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Engineering in Action: The Man Who Made Flying Safer

February 23rd, 2012

You’ve never met Don Bateman. But he might have saved your life.

More than 40 years ago, Bateman invented the “ground proximity warning” system that prevents pilots in poor visibility from flying a functioning airplane into a mountain or other obstacle.

Bateman’s technology eliminated “the number one killer in aviation for decades,” according to Bill Voss, chief executive of the Flight Safety Foundation.  “It’s accepted within the industry that Don Bateman has probably saved more lives than any single person in the history of aviation.”

How He’s Done It

Motivated by an airplane disaster he witnessed as a boy, Bateman has tracked air disasters for 40 years to devise ways of preventing them.

He developed his first system by taking data from the technology that was already on airplanes—the radar altimeter, the airspeed indicator—and synthesize the information to create a warning system. Twenty years later, he integrated GPS technology with ever-improving terrain data to upgrade his system and what it can do.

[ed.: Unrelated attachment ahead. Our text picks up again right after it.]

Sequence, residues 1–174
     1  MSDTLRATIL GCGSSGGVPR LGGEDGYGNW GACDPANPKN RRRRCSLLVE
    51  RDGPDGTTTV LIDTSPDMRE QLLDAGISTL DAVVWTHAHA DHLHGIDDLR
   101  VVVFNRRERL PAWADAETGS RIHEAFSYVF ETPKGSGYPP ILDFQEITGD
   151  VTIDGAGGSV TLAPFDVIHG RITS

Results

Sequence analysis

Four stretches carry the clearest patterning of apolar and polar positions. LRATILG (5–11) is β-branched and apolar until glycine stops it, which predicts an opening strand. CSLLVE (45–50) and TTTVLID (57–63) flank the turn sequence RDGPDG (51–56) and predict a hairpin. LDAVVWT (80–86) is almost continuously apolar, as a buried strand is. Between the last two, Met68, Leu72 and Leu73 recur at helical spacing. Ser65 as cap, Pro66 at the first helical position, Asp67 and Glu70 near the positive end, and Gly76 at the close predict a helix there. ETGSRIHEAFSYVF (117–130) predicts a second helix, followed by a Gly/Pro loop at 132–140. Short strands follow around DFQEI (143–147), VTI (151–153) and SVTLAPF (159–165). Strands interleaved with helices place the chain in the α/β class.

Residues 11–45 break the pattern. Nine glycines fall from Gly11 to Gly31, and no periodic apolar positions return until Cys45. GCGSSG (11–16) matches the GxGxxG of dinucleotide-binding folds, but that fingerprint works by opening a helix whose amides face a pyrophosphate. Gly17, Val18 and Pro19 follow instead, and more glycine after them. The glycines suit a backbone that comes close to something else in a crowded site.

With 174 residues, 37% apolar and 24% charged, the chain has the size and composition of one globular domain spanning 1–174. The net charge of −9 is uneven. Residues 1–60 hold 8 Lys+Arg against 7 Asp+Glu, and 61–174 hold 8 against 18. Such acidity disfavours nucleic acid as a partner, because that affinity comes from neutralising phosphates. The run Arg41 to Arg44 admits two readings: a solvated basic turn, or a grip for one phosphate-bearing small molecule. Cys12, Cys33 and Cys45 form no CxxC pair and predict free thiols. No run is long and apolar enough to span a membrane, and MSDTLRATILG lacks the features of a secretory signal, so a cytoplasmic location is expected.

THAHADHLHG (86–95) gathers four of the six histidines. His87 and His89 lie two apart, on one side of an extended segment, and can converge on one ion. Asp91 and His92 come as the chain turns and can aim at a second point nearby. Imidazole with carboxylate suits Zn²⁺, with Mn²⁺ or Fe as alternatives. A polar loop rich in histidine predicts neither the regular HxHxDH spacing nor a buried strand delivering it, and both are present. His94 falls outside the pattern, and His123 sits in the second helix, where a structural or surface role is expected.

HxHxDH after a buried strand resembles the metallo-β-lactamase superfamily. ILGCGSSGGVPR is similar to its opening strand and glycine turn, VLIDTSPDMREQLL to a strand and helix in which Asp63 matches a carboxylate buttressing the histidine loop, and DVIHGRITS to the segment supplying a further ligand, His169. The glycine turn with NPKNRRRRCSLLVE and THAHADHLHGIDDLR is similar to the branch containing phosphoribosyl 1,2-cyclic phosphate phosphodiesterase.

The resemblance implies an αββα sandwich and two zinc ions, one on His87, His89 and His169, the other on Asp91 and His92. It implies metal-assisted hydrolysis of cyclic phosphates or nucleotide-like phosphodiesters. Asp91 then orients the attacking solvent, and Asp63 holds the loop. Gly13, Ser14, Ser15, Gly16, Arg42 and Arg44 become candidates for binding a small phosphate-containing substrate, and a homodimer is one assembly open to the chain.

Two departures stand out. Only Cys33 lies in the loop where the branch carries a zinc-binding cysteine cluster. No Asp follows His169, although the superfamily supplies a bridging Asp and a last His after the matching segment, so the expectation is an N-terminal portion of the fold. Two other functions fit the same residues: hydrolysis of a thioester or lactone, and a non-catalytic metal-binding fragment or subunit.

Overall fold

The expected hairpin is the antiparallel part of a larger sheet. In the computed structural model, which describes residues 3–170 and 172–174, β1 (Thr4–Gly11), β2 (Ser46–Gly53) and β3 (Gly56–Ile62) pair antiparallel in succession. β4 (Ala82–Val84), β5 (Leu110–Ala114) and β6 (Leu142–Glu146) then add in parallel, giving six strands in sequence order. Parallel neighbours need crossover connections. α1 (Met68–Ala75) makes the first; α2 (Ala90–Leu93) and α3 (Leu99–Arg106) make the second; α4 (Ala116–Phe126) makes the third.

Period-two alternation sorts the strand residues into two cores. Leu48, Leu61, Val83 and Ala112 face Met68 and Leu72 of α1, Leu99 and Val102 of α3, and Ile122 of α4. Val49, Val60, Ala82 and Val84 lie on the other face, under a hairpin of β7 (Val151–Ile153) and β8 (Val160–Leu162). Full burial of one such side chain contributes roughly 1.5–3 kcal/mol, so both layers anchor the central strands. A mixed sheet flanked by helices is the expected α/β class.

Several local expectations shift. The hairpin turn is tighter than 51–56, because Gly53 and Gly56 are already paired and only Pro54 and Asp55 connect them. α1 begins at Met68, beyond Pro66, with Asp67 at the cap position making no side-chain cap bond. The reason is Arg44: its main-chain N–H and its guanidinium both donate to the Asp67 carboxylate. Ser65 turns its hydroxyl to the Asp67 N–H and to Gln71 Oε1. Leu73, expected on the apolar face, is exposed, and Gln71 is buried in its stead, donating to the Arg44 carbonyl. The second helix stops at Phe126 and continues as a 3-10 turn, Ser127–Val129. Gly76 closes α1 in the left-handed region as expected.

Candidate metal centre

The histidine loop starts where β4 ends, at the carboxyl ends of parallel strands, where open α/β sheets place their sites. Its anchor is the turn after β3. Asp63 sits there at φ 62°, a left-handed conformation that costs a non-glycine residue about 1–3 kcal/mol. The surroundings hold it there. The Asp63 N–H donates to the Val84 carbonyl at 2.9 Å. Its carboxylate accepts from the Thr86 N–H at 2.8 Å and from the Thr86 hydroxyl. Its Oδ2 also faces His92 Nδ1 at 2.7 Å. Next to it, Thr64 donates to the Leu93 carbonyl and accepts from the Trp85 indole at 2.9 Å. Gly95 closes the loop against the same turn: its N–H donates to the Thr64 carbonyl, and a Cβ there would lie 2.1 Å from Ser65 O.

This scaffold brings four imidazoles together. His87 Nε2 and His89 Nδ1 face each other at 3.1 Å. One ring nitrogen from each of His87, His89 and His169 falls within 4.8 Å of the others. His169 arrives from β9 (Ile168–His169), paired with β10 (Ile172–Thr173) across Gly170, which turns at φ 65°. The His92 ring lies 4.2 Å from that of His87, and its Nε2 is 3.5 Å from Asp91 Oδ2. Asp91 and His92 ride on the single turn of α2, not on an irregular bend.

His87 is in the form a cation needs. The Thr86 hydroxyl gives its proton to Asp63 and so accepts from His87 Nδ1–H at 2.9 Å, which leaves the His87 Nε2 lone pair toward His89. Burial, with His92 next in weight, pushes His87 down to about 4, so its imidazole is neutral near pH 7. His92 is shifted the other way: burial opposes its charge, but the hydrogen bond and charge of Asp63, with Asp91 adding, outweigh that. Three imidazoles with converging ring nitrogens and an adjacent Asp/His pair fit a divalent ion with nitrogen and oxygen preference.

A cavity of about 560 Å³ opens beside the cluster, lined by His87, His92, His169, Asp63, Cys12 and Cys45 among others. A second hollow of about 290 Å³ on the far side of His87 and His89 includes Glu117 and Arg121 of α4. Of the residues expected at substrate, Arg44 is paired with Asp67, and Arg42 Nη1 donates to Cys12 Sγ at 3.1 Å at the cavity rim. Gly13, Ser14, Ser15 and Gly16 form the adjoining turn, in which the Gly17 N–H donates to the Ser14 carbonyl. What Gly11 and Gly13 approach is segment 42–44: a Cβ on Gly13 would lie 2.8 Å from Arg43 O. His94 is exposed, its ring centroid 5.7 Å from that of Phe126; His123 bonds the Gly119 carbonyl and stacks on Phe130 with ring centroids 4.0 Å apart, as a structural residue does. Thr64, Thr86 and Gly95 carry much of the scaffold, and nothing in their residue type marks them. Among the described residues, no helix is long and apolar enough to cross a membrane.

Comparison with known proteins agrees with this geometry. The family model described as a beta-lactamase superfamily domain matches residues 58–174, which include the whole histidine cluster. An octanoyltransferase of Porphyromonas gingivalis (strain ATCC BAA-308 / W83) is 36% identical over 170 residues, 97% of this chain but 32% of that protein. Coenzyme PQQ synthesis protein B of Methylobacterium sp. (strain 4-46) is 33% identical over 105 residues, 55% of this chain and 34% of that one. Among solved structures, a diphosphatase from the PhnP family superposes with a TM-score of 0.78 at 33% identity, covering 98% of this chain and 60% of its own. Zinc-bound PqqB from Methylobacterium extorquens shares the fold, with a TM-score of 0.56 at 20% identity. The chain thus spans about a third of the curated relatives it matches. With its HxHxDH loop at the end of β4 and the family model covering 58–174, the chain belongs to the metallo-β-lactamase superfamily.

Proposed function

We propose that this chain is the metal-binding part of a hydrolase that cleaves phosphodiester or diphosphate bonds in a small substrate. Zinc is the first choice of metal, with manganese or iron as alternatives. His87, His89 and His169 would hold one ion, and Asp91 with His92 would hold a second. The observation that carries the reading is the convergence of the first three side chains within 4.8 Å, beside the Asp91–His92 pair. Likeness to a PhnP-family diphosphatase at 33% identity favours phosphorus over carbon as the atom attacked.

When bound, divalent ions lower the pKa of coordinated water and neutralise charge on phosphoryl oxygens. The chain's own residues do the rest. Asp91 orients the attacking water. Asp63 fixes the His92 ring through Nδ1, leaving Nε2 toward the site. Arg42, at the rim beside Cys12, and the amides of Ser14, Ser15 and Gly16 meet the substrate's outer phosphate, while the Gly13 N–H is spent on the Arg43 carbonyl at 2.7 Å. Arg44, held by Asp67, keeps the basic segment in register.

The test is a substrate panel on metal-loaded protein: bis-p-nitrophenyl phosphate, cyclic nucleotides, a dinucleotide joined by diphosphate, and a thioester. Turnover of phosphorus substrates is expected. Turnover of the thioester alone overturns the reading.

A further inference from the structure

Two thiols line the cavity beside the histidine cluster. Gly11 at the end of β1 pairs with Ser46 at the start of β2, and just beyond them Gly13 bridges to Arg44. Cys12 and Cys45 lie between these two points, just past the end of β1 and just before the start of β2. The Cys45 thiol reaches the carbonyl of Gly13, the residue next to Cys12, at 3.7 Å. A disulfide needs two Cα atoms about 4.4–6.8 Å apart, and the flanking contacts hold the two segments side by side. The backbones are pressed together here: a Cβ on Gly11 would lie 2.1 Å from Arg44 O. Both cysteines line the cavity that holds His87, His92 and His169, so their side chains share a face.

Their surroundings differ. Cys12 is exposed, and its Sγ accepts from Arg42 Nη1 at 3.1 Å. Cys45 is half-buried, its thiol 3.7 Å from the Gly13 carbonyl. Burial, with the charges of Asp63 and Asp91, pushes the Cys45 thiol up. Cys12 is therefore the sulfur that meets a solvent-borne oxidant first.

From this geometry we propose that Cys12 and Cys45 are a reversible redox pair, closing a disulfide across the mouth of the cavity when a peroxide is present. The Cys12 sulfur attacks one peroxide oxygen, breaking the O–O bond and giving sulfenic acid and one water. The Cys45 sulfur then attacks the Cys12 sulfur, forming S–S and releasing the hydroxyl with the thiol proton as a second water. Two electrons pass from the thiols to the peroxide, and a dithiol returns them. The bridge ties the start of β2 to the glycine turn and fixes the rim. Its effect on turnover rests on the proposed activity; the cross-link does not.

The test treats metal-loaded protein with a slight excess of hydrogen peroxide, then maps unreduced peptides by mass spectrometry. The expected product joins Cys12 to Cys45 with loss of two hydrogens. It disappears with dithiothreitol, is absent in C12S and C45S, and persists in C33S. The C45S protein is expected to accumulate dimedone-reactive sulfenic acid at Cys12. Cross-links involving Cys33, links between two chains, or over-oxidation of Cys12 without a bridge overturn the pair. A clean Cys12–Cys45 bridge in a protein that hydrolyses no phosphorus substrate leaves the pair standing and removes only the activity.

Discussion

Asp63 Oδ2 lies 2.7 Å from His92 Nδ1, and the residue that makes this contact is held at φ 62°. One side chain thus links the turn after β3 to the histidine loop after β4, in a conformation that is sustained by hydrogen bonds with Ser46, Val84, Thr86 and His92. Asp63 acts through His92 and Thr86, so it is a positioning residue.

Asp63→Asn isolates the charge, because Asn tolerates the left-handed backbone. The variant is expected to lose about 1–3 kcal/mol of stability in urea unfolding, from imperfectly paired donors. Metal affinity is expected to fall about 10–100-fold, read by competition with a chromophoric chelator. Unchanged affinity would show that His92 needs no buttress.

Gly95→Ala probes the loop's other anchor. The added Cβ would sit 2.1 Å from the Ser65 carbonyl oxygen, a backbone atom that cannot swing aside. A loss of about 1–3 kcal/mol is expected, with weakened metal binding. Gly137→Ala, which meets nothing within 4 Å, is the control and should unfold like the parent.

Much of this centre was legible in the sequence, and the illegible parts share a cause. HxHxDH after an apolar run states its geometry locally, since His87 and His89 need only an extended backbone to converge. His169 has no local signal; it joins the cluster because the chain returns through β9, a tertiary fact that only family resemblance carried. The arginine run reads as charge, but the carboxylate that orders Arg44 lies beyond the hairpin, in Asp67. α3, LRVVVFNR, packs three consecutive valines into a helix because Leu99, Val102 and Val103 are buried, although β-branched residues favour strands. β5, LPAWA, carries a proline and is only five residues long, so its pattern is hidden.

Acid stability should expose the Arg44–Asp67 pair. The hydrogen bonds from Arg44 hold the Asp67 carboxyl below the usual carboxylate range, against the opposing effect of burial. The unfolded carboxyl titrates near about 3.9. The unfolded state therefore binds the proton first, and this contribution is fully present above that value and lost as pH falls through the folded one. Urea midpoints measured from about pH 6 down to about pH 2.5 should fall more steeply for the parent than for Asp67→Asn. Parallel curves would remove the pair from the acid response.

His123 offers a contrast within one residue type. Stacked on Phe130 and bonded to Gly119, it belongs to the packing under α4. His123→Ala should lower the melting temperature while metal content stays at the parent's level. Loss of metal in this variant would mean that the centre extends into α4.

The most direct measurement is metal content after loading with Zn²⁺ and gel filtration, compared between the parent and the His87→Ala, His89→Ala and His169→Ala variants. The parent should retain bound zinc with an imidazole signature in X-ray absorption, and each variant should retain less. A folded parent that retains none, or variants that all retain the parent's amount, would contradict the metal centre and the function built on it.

After 50+ years at Honeywell, Bateman is still working, still fine-tuning his technology. His constantly updated digital charting of terrain around the globe, which includes data derived from detailed maps compiled for the Soviet-era military, has created a priceless database used to keep fliers safe.

Bateman’s Technology Becomes the Law

Bateman devised his original ground-proximity-warning system (GPWS) in the early 1970s, using an airplane’s radar altimeter to detect rapid altitude changes as a plane approached terrain. A warning sounded if a plane was too low without the landing gear deployed or if the descent was too fast.

After a TWA 727 crashed into a Virginia mountainside in December 1974, the FAA ordered that Bateman’s technology be installed on all large airliners. That rule was later extended to all airplanes carrying more than six passengers.

Since 1994, when Bateman integrated GPS technology into his system, most airlines have installed  the enhanced system on their entire fleets.  Today, it is installed on about 55,000 airplanes worldwide. And Bateman studies each new aviation accident for even further enhancements.

Well-Deserved Honors

It’s impossible to quantify precisely how many lives Bateman’s technology has saved.

Since the FAA certified the enhanced system in 1994, Honeywell has identified about 80 incidents where pilots reported that the warnings averted disaster. Overall, Bateman’s technology has reduced the likelihood of a once-common type of airplane crash by 99.9 percent.

In September 2011, President Obama awarded Bateman the National Medal of Technology and Innovation. He had already earned induction into the National Inventors Hall of Fame in 2005.  All of this for an electrical engineer who started off working at a telephone equipment company.

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